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Bill to establish locally sponsored...

Bill to establish locally sponsored virtual public school program passes in Mississippi House

By: Jeremy Pittari - March 13, 2024

  • House Education Chairman Rep. Rob Roberson views the legislation as a way to improve access to high quality teachers in subject areas that may be lacking in school districts around the state.

A bill that would establish virtual classes featuring top-notch teachers through a locally sponsored virtual public school program to provide lessons not offered in some school districts around the state passed in the Mississippi House of Representatives on Tuesday by a vote of 80-38. 

If it becomes law, up to three districts of innovation could be selected for the pilot program.

State Rep. Rob Roberson

“At least from my standpoint, the whole point of this is to make certain that we’re having a good teacher be able to teach across the state,” House Education Chairman Rep. Rob Roberson (R) said as he described HB 1192 on the House floor.

While virtual schools are not new, especially after the COVID-19 pandemic, this legislation focuses on subject matters at a higher level or courses that are not offered at certain schools. The classes would be presented by teachers who excel in their field.

“The intent we have is to make certain, specifically like, let’s say chemistry or a high math, or frankly any particular area that we are having trouble with to have at that school district that’s doing a good job with that be able to go online and be able to help other school districts. And just for full disclosure, it’s not just limited to just public schools. This would probably be something that could be used for your homeschoolers or just anybody,” Roberson described.   

Attendance in the virtual school will be free to the student under most circumstances. However, homeschooled children will have to provide their own hardware to access the virtual classes online.

When asked why only three districts would be allowed to offer courses, Rep. Roberson said he added a reverse repealer so the bill could continue to be revamped as the program is implemented through the pilot phase. Roberson said he is open to expanding the program.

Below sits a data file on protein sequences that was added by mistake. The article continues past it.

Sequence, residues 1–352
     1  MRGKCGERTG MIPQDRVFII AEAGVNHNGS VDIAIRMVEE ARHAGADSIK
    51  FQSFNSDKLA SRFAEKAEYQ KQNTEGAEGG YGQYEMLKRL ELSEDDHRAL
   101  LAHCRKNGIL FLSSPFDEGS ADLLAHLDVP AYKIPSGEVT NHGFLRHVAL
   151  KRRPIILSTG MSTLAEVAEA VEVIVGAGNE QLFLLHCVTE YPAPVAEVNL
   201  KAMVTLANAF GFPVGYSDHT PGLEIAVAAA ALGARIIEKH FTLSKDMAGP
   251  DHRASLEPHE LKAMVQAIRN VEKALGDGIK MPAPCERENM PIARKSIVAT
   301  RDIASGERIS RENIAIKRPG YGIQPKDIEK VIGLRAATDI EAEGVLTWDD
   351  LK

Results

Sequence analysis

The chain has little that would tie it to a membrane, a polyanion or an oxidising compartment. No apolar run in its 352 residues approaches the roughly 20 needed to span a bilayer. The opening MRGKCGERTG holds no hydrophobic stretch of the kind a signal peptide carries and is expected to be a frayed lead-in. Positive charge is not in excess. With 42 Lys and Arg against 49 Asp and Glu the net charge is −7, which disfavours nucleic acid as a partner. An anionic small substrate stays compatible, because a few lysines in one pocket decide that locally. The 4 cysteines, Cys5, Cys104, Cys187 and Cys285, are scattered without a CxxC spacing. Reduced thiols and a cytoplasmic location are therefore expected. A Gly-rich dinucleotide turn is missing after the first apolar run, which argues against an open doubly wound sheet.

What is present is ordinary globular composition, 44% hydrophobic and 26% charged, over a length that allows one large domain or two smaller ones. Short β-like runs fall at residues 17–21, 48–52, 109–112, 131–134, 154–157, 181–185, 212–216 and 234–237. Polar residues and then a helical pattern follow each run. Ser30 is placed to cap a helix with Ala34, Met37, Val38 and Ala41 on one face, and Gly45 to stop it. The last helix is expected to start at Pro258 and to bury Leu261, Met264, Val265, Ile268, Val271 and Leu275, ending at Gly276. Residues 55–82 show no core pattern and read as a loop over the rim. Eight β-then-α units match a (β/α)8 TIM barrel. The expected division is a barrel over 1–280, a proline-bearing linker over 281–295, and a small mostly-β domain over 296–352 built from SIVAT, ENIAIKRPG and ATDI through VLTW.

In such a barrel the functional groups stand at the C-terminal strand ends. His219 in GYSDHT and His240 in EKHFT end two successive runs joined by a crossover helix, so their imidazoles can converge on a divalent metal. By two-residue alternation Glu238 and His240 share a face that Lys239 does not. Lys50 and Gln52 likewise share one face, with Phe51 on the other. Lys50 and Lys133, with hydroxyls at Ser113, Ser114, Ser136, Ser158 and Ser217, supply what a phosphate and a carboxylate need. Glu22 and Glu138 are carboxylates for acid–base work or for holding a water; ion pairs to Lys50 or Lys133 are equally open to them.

The bill will allow excelling school districts of innovation to offer single courses or an entire curriculum. Rep. Roberson said this program would be managed financially by the Mississippi Department of Education (MDE), and MDE will be tasked with choosing the three school districts that will participate through an application process. 

“Right now, the way this bill is written, we can only (allow) three school districts,” Rep. Roberson said. “Keep in mind, MDE has a virtual school that they run out of MDE. This would be run out of a public school, one that’s doing real well that would hopefully give us an opportunity for some of the districts that don’t have maybe a chemistry teacher, somebody like that that we could use this system to be able to use that good teacher across the state,” Roberson elaborated.

Attendance in the classes would be open to students attending public school or those that cannot or do not attend a public school for whatever reason. 

“Well, there are kids that are already doing that. And you have kids that are sick, that could use this program. You got kids that are homeschool children that could use this program. It’s just a matter of whatever fits for that particular kid. I can’t imagine this is going to be a situation where you have hundreds or thousands of kids, it’s just going to be for a specific issues and more than likely there’s going to be a lot of public schools using this to help them find a teacher that they need,” Roberson said. “It’s a critical needs kind of thing as far as I’m concerned as well.”

If it becomes law, HB 1192 would go into effect for the 2024-2025 school year. 

The bill now heads to the Senate for consideration.

About the Author(s)
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Jeremy Pittari

Jeremy Pittari is a lifelong resident of the Gulf Coast. Born and raised in Slidell, La., he moved to South Mississippi in the early 90s. Jeremy earned an associate in arts from Pearl River Community College and went on to attend the University of Southern Mississippi, where he earned a bachelor's of arts in journalism. A week after Hurricane Katrina, he started an internship as a reporter with the community newspaper in Pearl River County. After graduation, he accepted a full-time position at that news outlet where he covered the recovery process post Katrina in Pearl River and Hancock Counties. For nearly 17 years he wrote about local government, education, law enforcement, crime, business and a variety of other topics. Email Jeremy: